… He left me sitting knackered on my bike, like a mini island amidst flowing chaos, while he rode round the beat-up desperate-looking border town of Rauxul Bazar. The buildings were ramshackle and though most had been painted at some time, all were stained by dripping rusty water, mud splashes and years of collected grime. Dodgy characters slouched around in doorways, looking like faded, timeworn opportunists that were down on their quota of opportunities.

Garish advertising posters hung, either in tatters from the walls, or flapped gently in the listless breeze. Mangy scabby dogs slunk scavenging hopefully for a meal, from one rubbish pile to the next. Penny-sized black flies buzzed like miniature bomber planes from piles of shit in the street, to land on chunks of meat that hung under the faded awnings of the food stalls. Biting midges clustered around the moisture of children’s snotty running noses and rusting, wrecked, cannibalised trucks and cars lay by the roadsides. Even the holy cows looked as if they had been mentally afflicted by the dodgy air of this border town…


… Jaipur town is a centre of trade for the surrounding area, and as such it was incredibly busy. The traders seemed to either sell things that they had produced out on the farms, or things that those out on the farms would need. The colours were stunning: rich greens from the vegetables contrasted with bright oranges, reds, yellows and turquoises of women’s saris, and the pink and orange walls of the city and palaces provided the perfect backdrop. All this was going on under a bright blue sky and was spiced up by selections of vivid-coloured curry powders, the sparkles from the many jewellers’ shops and the gleaming white shirts that the men all seemed to favour. The streets hustled and bustled with those out shopping in the markets, the Ambassador taxis, the bicycle rickshaws, the chai sellers, the roaming stalls of stainless steel pots and pans sellers, and camels that moved imperiously through the crowds.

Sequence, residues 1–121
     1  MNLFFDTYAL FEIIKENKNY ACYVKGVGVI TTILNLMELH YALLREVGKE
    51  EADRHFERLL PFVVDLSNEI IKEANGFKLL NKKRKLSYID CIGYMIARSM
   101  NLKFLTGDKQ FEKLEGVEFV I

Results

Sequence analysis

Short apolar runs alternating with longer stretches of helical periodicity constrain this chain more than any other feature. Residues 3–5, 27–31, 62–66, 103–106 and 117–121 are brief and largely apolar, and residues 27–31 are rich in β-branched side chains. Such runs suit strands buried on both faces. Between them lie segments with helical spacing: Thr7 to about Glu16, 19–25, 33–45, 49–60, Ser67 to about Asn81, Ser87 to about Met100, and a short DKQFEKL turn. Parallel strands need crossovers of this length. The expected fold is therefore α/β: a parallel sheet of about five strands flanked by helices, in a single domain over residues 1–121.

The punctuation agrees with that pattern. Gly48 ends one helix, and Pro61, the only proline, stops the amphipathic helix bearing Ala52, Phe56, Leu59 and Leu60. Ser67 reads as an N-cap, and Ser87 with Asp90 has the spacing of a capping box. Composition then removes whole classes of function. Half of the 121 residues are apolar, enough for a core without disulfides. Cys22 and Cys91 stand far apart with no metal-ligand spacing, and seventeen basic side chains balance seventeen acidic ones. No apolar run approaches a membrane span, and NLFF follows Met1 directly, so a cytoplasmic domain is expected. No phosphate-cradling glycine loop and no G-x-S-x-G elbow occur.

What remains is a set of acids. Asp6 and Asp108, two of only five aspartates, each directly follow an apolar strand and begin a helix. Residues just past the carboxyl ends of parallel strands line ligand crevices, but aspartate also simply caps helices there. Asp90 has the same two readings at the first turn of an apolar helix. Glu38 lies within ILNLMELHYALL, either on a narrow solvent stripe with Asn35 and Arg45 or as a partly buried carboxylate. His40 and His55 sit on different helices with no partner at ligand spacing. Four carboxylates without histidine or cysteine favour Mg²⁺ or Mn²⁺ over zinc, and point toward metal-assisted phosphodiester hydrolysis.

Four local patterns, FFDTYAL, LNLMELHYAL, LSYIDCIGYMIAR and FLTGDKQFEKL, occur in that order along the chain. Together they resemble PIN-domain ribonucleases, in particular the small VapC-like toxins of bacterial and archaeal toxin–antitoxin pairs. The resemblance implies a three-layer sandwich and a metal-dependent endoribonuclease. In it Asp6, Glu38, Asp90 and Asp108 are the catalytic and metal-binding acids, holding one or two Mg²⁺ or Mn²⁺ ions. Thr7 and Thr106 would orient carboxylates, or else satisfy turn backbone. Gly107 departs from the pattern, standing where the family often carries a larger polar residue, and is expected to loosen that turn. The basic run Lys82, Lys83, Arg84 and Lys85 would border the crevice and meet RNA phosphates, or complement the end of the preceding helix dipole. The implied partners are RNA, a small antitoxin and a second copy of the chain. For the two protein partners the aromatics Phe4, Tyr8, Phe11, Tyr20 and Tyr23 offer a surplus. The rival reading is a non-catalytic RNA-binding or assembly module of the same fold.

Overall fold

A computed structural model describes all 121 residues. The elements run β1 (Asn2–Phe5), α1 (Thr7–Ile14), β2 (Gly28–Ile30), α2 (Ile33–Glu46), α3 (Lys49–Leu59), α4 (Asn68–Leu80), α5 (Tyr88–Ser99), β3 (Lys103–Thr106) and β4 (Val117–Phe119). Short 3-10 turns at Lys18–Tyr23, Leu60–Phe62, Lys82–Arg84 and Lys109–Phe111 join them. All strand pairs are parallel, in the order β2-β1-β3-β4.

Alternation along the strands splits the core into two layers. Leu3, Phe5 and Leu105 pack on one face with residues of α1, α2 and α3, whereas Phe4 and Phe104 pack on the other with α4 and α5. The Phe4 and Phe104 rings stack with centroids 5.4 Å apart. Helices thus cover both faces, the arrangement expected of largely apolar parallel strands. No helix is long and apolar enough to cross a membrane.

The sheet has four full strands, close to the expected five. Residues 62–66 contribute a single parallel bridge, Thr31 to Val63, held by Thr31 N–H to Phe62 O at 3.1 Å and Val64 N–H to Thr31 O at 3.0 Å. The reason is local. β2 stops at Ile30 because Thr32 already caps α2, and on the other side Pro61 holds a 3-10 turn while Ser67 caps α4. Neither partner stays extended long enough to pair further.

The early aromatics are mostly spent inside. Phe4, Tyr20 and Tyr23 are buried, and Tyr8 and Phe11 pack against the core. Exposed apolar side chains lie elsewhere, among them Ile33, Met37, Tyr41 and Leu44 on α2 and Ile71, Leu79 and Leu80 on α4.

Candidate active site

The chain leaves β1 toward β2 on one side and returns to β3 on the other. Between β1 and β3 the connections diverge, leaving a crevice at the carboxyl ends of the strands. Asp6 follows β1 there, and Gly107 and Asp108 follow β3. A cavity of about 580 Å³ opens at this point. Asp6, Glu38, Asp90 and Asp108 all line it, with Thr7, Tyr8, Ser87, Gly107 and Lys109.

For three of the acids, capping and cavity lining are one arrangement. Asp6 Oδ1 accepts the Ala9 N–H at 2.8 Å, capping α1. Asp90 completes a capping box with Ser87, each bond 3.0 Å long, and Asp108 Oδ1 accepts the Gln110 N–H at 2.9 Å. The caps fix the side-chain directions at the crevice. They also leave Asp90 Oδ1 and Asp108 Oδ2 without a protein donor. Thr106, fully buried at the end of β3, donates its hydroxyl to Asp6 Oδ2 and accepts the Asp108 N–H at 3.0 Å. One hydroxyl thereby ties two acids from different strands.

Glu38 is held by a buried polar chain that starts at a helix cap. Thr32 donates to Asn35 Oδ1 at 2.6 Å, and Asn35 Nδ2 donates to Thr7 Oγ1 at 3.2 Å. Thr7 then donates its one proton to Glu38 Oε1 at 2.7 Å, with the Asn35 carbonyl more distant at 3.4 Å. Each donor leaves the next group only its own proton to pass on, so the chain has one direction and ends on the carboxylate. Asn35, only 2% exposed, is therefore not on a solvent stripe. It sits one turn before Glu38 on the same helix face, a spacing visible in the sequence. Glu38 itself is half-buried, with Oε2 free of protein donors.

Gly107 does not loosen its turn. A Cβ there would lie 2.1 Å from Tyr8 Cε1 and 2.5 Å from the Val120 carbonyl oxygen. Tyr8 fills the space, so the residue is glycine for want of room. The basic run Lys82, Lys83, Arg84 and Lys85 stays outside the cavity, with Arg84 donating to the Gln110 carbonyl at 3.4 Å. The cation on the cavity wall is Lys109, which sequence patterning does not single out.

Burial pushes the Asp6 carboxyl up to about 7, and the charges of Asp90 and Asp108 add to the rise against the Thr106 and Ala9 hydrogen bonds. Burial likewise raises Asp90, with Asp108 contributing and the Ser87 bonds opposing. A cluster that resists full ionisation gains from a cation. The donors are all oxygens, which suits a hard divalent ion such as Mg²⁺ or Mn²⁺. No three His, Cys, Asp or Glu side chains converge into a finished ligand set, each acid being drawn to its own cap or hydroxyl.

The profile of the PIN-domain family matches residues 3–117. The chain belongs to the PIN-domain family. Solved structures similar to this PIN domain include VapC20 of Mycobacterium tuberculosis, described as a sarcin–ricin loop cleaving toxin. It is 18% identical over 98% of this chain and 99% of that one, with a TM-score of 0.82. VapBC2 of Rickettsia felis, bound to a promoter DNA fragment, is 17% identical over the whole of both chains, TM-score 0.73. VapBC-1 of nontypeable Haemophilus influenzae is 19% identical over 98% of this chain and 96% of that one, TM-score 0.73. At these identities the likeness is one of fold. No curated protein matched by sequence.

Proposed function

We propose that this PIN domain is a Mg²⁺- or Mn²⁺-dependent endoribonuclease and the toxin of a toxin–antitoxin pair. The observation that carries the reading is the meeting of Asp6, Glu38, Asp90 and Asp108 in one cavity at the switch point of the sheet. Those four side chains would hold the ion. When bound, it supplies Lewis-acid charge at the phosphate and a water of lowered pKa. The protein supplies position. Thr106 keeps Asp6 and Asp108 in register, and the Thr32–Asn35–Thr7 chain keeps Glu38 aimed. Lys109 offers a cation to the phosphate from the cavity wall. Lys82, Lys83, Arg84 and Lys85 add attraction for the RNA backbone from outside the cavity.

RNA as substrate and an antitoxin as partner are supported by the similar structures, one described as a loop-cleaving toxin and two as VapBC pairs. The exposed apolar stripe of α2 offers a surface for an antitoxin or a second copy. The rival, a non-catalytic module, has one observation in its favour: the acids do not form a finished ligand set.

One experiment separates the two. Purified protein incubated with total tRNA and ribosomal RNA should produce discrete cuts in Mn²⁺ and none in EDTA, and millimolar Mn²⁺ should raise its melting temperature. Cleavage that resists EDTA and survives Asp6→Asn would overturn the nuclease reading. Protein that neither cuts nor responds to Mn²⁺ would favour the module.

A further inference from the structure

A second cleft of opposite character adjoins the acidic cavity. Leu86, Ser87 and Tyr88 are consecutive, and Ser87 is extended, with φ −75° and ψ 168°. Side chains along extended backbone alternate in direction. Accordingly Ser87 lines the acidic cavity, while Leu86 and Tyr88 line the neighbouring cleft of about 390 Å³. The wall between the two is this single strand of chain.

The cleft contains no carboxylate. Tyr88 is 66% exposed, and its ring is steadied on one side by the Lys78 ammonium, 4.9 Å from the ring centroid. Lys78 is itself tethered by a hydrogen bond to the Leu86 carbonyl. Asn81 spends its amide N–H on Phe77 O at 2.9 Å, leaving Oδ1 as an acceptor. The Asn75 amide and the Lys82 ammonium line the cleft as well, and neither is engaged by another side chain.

I watched an obviously wealthy lady doing her shopping in the market. This woman had the power that wealth brings, and she knew it. There was no hesitancy in her waddling stride and her fingers stabbed out at whatever caught her eye. She held her shoulders back and kept her chin up as she talked down to the market traders. Open fingers raised, she waggled her chubby wrists in disdain or disagreement; the traders would have touched their forelocks if that had been the custom. One stallholder, dressed in a white, loosely-wrapped turban, a long, dirty white shirt and a dhoti, bobbed and bowed at her every word as he scuttled around his wares, always making a show of selecting the best of everything. She demanded and received discounts wherever she shopped. Each purchase was thrust into the arms of the increasingly bow-legged coolie who was trailing along behind her. The crowds parted just as easily for her as they had done for the camel. She and the camels had mastered that perfect expression of superiority…


… We lunched on dahl, chapattis and chai at a truck stop – the more we took breaks at truck stops, the more I liked them. There were times when the usual overlanding fare of peanuts and raisins held no attraction whatsoever – nor did our lukewarm, odd-tasting water. Then we saw one, a road side cafe. Across some tree branches that had been machete’d roughly to size, strips of old sacking were strung to keep the dry, grit-laden breeze off the turbaned truck drivers.

They were sitting or lying in the flapping shade on charpoys, bed-like affairs with wooden frames upon which a rough netting of sisal string is woven. The ground beneath the charpoys seemed to be layered with generations of spit, betel nut juice, old nails, bits of wire and washers. The air was full of the scents of spilt diesel, curried lentils, fresh baking chapattis and wood smoke. The fire in front of the cafe was loaded with a vast urn of bubbling chai…


…At around 5pm this world turned flaming orange. Everywhere was one shade of riotous orange or another, and the eerie light was only broken by the odd silhouette of a palm tree or an ox cart moving slowly across the land. This light is particular to India and it almost wraps itself around you, making you too an integral part of the scene. This light is formed by the end of day sunrays working their way through hundreds of kilometres of air filled with smoke and dust particles. So gentle is the change into night that this slow moving world feels like it’s almost suspended in the glow, as if it will stay forever…